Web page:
Next you need to look at the capital gains issue. Here, you take the Sales Price of the home, less the tax basis to determine if you had a Capital Gain. This can also get tricky and will depend on whether this debt was recourse or not. Whether the debt is recourse or not will determine the sales price that you use for tax purposes. Under the tax code a foreclosure is treated as a disposition of property and a sale must be recognized. Again, it appears that this is not your principal residence. Therefore, you will not be able to use the gain exclusion for a principal residence if you end up with a gain. You will most likely have a Capital Loss on this property. This cannot be determined by the facts you presented since you did not provide your acquisition price or other key data to compute this. Your tax preparer will need your original closing statement and the 1099 you receive from the bank to calculate this. Your tax basis will also be adjusted for the the depreciation that was allowed or allowable when you rented the property. This depreciation will also be subject to recapture. If you do not normally use a tax professional to prepare your return, I recommend that you use one for at least this year to make sure this is presented properly on your tax return.

Any individual seeking legal advice for their own situation should retain their own legal counsel as this response provides information that is general in nature and not specific to any person's unique situation. Circular 230 Disclaimer - Advice given in this response cannot be used to eliminate penalties with the IRS or any other governmental agency.

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I agree that the first question you need to ask is whether this could be a "capital" (generally, investment property) asset at all. That is a fact specific determination. Some of the factors include whether and how you advertised the property, whether you rented it to a friend or family member versus making it available to the public, and whether the rent was at fair market value. Here I do not believe that it would be treated as a capital asset allowing you to take a capital loss, in part because your investment in the property was for a majority of the time as a personal residence, and I don't think the facts are strong enough to support a business characterization for this property.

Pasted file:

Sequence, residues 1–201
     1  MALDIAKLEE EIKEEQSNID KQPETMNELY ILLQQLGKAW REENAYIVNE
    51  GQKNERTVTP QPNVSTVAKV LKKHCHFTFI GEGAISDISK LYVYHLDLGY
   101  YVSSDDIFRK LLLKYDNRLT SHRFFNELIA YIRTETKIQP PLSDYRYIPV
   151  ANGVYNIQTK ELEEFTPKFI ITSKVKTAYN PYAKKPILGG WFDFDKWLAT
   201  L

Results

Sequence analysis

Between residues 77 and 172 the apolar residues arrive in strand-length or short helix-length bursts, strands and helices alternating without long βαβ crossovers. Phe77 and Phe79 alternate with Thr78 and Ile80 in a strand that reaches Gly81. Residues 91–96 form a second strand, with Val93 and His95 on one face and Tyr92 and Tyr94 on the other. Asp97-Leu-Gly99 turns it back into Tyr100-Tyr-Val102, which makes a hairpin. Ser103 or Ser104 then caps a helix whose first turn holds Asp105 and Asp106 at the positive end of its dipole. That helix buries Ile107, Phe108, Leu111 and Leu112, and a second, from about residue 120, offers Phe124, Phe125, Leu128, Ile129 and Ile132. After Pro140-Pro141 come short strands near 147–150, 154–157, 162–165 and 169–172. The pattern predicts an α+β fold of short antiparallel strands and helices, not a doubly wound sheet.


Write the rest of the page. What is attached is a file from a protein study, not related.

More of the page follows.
That said, the issue then is whether you have COD (cancellation of debt) income. The law says that you have COD income where you no longer have an obligation to pay an otherwise legally enforceable debt. There are exceptions to this rule, however. I believe here you would fall under the "insolvency" exception under IRC Sec. 108, which basically says that you will not be considered to have COD income by the amount by which you are "underwater" in your finances (that is, your liabilities minus your assets). In short, your tax consequences may be minimal. Tell your accountant to have a look at Form 982 when filing your return.

Hope this helps!

Ari Good, Esq. is licensed to practice law only in Florida, Illinois (inactive) and Washington, DC (inactive). Good Attorneys At Law maintains offices in Naples, Florida. The foregoing answer is for informational / educational purposes only: NOTHING IN THE FOREGOING ANSWER MAY BE INTERPRETED AS FORMING AN ATTORNEY CLIENT RELATIONSHIP NOR DOES IT CONSTITUTE TAX OR LEGAL ADVICE. Pursuant to Circular 230, nothing in the foregoing answer may be used for the purpose of avoiding penalties.